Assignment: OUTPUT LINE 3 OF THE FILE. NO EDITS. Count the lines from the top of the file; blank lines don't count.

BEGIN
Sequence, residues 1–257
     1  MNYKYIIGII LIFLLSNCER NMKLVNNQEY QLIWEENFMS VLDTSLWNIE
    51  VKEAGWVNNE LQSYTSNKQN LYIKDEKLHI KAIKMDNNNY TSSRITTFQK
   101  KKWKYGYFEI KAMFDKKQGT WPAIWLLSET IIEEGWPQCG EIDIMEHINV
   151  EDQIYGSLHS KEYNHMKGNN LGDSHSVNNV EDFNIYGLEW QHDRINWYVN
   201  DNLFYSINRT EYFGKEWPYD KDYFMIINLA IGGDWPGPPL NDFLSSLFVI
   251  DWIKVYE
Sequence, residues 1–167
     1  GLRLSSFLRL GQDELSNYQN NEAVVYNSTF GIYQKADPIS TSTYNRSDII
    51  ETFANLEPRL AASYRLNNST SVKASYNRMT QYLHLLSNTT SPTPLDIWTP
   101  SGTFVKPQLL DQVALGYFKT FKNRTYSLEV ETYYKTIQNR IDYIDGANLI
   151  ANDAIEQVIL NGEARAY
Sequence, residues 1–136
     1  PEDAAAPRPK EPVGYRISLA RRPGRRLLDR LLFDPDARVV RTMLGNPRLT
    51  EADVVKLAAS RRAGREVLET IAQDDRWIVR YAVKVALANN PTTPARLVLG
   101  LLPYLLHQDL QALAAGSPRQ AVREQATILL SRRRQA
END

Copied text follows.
    51  VKEAGWVNNE LQSYTSNKQN LYIKDEKLHI KAIKMDNNNY TSSRITTFQK